The Covid Pandemic has driven some of us out of our offices and roads, but ironically has required a huge majority to fend for themselves virtually on the streets. In that process, students of all socio-economic classes, have been “locked out” of their educational institutions during the “lockdown”.
The academic community rose up to the challenge with whatever resources it had and started zooming in education using popular online platforms such as Zoom, Microsoft teams with some added support through Facebook, Whatsapp and Google Meet. Concurrently, Whatsapp groups were pressed into action to reach across to parents and students for information, sending of notes and often to send out recorded video lectures and audio files.
Overnight, faculty and teachers learnt the art of speaking to mics, to computer screens and got a crash course in technology. We talked to almost more than 2 dozen faculty members and almost all of them without exception missed the classroom and the interaction with their students. They also had numerous concerns about how the entire learning experience was shaping out at the end of students and their inability to get a clear feedback on this from their students.
A very clear digital divide and therefore access resulted in either complete denial or only patchy reach of these classes for lakhs of students. Students from low income backgrounds had either none or only limited access to computers, smartphones and internet connectivity. Therefore education also got rationed, but in this case only to those who were digitally well-off.
Not that digital connectivity made things absolutely great for even those relatively well-endowed. There were issues of space, privacy, peace and not every household had multiple devices or multiple rooms to have uninterrupted access. Students felt cloistered with almost zilch facilities for interactivity with friends, classmates and faculty.
Video streaming was not always encouraged, lest pictures of homes becomes the objects of comparisons. Many students were facing everyday and sometimes special situations which triggered some sort of mental stress and fatigue which also hampered earning. There is also a sense of realization that online teaching will not offer any escape or refuge from mental, emotional and sexual abuse.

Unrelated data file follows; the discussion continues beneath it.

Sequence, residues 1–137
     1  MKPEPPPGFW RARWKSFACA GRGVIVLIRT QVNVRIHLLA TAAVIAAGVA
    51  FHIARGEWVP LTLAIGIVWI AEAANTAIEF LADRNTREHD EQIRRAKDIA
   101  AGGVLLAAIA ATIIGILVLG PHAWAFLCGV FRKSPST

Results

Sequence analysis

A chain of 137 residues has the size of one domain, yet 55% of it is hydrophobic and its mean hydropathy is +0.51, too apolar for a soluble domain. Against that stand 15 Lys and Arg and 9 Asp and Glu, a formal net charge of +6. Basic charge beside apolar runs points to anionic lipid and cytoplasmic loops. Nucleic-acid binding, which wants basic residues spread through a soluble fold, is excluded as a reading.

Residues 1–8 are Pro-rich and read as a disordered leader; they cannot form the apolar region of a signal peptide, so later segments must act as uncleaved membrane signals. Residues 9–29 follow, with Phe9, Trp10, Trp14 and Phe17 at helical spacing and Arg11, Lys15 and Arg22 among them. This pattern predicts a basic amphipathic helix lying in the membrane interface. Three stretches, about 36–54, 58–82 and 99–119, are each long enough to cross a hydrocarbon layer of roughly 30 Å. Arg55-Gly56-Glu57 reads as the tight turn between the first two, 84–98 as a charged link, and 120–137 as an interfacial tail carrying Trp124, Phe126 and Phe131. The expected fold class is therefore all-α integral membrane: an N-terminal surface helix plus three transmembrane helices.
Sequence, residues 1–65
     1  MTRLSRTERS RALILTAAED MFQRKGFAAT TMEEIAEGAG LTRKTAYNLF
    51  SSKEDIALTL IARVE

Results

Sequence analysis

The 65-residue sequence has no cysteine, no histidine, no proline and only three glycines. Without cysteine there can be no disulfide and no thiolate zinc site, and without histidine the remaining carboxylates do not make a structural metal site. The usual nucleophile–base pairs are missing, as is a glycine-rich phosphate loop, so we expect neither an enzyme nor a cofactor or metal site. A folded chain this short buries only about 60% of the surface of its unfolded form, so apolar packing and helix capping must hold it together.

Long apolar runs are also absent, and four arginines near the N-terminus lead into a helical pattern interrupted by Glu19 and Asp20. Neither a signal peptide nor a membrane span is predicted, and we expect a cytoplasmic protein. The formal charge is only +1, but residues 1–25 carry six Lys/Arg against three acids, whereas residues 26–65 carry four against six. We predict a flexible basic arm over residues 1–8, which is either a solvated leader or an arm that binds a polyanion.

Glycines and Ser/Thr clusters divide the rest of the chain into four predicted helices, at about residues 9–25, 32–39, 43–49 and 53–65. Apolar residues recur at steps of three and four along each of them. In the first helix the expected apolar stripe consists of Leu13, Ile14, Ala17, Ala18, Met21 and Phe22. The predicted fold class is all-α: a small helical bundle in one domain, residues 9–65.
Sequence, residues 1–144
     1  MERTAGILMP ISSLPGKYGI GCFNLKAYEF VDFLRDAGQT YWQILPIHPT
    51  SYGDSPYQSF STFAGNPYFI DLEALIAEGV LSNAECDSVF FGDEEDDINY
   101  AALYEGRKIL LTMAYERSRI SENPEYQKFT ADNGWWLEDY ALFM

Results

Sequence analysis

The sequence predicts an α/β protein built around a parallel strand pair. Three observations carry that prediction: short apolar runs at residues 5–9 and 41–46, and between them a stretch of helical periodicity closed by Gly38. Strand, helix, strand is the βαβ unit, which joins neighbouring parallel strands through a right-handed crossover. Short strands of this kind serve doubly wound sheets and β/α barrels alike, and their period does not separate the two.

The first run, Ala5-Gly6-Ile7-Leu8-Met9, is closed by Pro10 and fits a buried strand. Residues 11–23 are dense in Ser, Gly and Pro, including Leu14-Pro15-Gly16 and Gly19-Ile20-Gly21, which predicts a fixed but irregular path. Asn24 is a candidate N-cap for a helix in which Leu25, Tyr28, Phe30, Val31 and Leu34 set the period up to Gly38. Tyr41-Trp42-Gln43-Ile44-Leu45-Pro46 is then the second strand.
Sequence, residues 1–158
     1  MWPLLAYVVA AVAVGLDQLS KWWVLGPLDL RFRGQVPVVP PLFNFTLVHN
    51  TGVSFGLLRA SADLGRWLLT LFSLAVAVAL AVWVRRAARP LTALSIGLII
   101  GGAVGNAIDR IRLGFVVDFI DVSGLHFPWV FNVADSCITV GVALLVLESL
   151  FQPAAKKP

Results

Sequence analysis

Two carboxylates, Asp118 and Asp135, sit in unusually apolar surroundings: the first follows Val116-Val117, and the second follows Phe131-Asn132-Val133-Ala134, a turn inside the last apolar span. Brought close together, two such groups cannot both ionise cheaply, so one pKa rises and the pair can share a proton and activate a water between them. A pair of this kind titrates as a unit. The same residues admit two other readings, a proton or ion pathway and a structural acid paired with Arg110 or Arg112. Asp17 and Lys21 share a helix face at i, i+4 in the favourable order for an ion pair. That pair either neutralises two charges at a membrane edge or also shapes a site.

Online learning in this situation is not a choice right now, it is the only option. To be fair, educational institutions, teachers, governments, policy makers, NGOs have all tried to rise to the occasion by collecting video, audio content and made it accessible to the extent possible through Whatsapp groups of parents, YouTube and at times through dedicated television and radio programs so that the less-privileged would not lose out. But there is a real fear that despite all efforts, there will be lakhs of students who are going to miss out on various facets of education, some on quality, some on quantity and some altogether. There are lakhs of migrants walking on the road and therefore those migrant children have ironically become “school-less”, besides becoming homeless. Let us also not forget that apart from the digital divide, the possibility of a gender divide also cannot be ruled out. With girls staying at home not only will they be required to take on a greater share of household chores but also have very limited access to an already shared digital device in the family.
Given all those above situations, one felt that a reasonable opportunity must also be given for students to give their feedback on their experience of online learning and how it affects them. This survey given that it is web-delivered cannot possibly include those who do not have any digital access, but we felt that at least let us get an idea from those who are to some extent digitally empowered. If we can get their feedback, we know that tomorrow even if we manage to reach out with digital access, we may well find out that the learning experience of digital education is at best going to be fragmented and substantially impersonal. What is more, as early results seem to indicate that online learning at the school level was correspondingly rated higher than at graduate and post-graduate levels. It would therefore indicate that the intervention of both parents and teachers may have contributed to this difference.
This survey, is totally anonymous, with no contact details asked, and is targeted at students aged 12 years and above, and who were required to proceed with their classes online in the wake of the Covid pandemic.
It is offered both in Hindi and English, and takes a maximum 10 minutes to do owing to its multi-choice answer options. If you wish, you can also use it as a telephone survey to reach out to students who may not have internet connectivity or access to a digital device. That would allow anyone to slip easily in in the role of a citizen researcher as well.
This is a public interest initiative for the student community on behalf of the academic community. You can contribute by sharing widely with the student community.
Note: The survey has been closed